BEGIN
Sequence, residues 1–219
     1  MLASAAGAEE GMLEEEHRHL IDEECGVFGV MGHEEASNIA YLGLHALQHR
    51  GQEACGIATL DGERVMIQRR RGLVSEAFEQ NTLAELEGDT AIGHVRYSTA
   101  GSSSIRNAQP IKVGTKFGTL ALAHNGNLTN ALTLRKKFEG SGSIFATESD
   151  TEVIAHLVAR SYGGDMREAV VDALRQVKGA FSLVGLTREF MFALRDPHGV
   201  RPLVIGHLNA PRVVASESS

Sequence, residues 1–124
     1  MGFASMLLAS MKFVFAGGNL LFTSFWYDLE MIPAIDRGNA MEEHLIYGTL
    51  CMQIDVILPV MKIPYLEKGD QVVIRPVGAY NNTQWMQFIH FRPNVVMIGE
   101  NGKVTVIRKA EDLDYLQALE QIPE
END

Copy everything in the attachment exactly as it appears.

Sequence, residues 1–219
     1  MLASAAGAEE GMLEEEHRHL IDEECGVFGV MGHEEASNIA YLGLHALQHR
    51  GQEACGIATL DGERVMIQRR RGLVSEAFEQ NTLAELEGDT AIGHVRYSTA
   101  GSSSIRNAQP IKVGTKFGTL ALAHNGNLTN ALTLRKKFEG SGSIFATESD
   151  TEVIAHLVAR SYGGDMREAV VDALRQVKGA FSLVGLTREF MFALRDPHGV
   201  RPLVIGHLNA PRVVASESS

Sequence, residues 1–124
     1  MGFASMLLAS MKFVFAGGNL LFTSFWYDLE MIPAIDRGNA MEEHLIYGTL
    51  CMQIDVILPV MKIPYLEKGD QVVIRPVGAY NNTQWMQFIH FRPNVVMIGE
   101  NGKVTVIRKA EDLDYLQALE QIPE